7 possible. In these markets, competition and choice are likely to remain limited, and premiums and subsidy costs are likely to be higher than in more competitive areas. In markets with many insurers and a dominant hospital, attracting plan enrollees generally requires the inclusion of the hospital system in the network. Due to the hospital s relative power in negotiations, it is difficult for plans to negotiate effectively for lower provider payment rates, and thus plans generally find it infeasible to offer low-cost insurance products for a given set of benefits and cost-sharing requirements. Thus, it is difficult to see low-cost plans emerging to compete within exchanges. While there is more choice of plans, competition is effectively limited. In markets where there are many insurers and many hospitals, outcomes remain hard to predict, but the potential for greater competition on price will be enhanced by the managed competition structure inherent in the ACA. One or more insurers may attempt to offer more limited networks with lower payment rates, or alternatively tiered network products, in an attempt to obtain a position as one of the two lowest-cost plans in an area, giving them a competitive advantage within an exchange. The other opportunity for highly competitive insurance markets to develop seems likely to occur when Medicaidmanaged care plans enter commercial markets with more limited provider networks than the existing commercial plans, where the providers are willing to accept somewhat lower payment rates for limited populations. In our study states, such a scenario is most likely to occur in New York City and in parts of Virginia, although there is a possibility that such a dynamic could emerge in Colorado, Maryland, Oregon and perhaps elsewhere. Still, Medicaid plans face difficult issues in making this type of transition marketing to a higher-income population than usual, designing benefit packages consistent with the commercial market, assuring adequacy of reserves, and building broader provider networks. If competition with Medicaid plans materializes, commercial plans are likely to respond by developing their own limited networks with lower provider payment rates. Such a competitive dynamic would lead to lower premiums and government subsidy costs. About the Author and Acknowledgements John Holahan is the director of the Health Policy Research Center at the Urban Institute. The author is grateful for the very helpful comments he received from Robert Berenson, Linda Blumberg and Stephen Zuckerman. Support for this paper was provided by a grant from the Robert Wood Johnson Foundation. The author benefited from the 10 state reports and interview notes developed from 10 site visits conducted under the auspices of this project. Aside from himself, these site visits were conducted by Urban Institute and Georgetown University colleagues, including: Fiona Adams, Linda Blumberg, Randall Bovbjerg, Vicki Chen, Sabrina Corlette, Brigette Courtot, Teresa Coughlin, Stan Dorn, Ian Hill, Katie Keith, Kevin Lucia and Shanna Rifkin. About the Robert Wood Johnson Foundation The Robert Wood Johnson Foundation focuses on the pressing health and health care issues facing our country. As the nation s largest philanthropy devoted exclusively to health and health care, the Foundation works with a diverse group of organizations and individuals to identify solutions and achieve comprehensive, measurable, and timely change. For 40 years the Foundation has brought experience, commitment, and a rigorous, balanced approach to the problems that affect the health and health care of those it serves. When it comes to helping Americans lead healthier lives and get the care they need, the Foundation expects to make a difference in your lifetime. For more information, visit Follow the Foundation on Twitter or Facebook About the Urban Institute The Urban Institute is a nonprofit, nonpartisan policy research and educational organization that examines the social, economic and governance problems facing the nation. For more information, visit ACA Implementation Monitoring and Tracking: Cross-Cutting Issues 7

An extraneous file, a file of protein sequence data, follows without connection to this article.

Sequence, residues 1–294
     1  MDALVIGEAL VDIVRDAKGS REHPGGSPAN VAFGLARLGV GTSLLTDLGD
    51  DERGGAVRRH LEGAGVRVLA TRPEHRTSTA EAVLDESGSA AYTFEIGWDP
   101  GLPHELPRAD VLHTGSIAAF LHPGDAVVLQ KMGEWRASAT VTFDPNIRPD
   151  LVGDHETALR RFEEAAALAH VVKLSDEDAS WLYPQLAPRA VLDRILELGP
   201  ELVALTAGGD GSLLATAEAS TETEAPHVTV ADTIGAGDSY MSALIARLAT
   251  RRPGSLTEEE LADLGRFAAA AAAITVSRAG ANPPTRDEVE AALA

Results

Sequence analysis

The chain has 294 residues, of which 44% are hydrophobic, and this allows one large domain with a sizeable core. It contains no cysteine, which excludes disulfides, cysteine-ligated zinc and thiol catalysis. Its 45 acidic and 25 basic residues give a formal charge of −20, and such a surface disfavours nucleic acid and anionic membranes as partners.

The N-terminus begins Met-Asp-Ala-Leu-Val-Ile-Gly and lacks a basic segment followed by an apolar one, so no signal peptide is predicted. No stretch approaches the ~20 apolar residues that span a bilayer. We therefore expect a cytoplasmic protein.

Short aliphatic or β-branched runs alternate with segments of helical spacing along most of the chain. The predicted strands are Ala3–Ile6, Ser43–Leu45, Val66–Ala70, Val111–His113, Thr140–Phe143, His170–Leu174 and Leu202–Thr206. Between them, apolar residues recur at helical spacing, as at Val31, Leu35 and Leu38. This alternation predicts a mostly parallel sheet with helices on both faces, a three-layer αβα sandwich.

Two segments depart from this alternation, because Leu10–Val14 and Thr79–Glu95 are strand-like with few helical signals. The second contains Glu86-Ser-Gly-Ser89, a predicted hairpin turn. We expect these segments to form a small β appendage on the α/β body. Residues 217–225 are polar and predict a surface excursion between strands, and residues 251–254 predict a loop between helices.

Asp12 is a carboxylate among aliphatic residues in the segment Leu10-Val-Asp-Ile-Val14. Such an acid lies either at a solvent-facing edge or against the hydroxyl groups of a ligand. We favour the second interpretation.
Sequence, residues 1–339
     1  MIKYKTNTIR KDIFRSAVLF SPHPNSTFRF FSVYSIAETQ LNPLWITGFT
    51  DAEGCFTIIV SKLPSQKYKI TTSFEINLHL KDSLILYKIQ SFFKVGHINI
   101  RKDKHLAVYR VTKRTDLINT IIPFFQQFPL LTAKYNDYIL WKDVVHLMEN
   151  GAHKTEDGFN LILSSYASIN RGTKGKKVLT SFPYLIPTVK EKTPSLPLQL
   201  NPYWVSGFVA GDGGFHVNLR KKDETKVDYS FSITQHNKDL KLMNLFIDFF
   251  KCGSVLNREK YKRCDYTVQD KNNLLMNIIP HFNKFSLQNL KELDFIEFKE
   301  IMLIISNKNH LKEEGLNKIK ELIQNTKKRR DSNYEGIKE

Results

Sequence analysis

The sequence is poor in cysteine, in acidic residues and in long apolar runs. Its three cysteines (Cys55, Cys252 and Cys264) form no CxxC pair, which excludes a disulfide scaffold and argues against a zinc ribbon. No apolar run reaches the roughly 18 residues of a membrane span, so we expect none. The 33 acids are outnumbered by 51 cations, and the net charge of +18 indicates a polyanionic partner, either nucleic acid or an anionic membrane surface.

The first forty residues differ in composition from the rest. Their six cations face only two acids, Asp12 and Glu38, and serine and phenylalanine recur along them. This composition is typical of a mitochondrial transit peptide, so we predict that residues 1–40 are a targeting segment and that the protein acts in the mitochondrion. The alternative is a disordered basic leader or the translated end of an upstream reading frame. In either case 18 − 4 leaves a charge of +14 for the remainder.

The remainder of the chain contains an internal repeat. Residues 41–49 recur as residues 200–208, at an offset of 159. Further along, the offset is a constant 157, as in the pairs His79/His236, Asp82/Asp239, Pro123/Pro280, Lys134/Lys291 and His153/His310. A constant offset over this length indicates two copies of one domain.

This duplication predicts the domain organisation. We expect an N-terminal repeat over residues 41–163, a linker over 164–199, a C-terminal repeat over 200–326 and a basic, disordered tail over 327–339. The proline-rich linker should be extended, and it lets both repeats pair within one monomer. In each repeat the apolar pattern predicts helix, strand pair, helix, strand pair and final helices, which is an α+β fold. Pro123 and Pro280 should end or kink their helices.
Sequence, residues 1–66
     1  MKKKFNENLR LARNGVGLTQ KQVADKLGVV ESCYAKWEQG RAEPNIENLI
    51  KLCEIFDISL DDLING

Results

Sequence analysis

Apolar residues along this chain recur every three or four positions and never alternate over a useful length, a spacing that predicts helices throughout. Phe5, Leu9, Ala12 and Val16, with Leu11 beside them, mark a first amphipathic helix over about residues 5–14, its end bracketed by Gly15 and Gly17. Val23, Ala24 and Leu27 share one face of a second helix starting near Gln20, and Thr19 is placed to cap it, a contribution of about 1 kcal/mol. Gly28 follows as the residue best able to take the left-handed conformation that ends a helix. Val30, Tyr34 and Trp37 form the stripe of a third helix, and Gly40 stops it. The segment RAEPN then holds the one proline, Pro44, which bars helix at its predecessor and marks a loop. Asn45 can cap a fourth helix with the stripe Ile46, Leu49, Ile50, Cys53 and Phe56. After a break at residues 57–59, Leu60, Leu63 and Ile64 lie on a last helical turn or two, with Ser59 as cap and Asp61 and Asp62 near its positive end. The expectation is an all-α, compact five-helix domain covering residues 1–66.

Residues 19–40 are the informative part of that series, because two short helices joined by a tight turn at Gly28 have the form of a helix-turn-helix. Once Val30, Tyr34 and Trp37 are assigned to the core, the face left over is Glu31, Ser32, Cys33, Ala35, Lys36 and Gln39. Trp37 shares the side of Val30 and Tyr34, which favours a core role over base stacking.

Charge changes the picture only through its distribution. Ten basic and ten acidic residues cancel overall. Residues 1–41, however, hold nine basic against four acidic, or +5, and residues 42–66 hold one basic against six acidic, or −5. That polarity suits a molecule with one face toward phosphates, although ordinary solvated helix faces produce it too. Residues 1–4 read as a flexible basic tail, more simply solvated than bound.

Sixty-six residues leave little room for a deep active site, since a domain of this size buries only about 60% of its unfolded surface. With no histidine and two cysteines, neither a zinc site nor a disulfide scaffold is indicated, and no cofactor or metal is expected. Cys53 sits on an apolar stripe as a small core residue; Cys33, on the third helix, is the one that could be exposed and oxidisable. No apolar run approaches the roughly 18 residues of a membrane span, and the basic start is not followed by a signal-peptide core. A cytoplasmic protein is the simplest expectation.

8 ENDNOTES 1. Individuals with incomes below 250 percent of FPL are also eligible for cost-sharing subsidies. 2. Pear R U.S. Sues Michigan Blue Cross Over Pricing. New York Times, While the DOJ case against BCBSM continues, another case (City of Pontiac vs. Blue Cross Blue Shield of Michigan) was decided in BCBSM s favor just after our site visit, when a U.S. District Court dismissed the antitrust action. 3. The evidence on this is reviewed in an excellent summary: Vogt WB, Town R How Has Hospital Consolidation Affected the Price and Quality of Hospital Care? Research Synthesis Report No. 9. Princeton, NJ: The Robert Wood Johnson Foundation. 4. Anthem and CareFirst are former BlueCross-BlueShield plans that have different market areas in Northern Virginia. ACA Implementation Monitoring and Tracking: Cross-Cutting Issues 8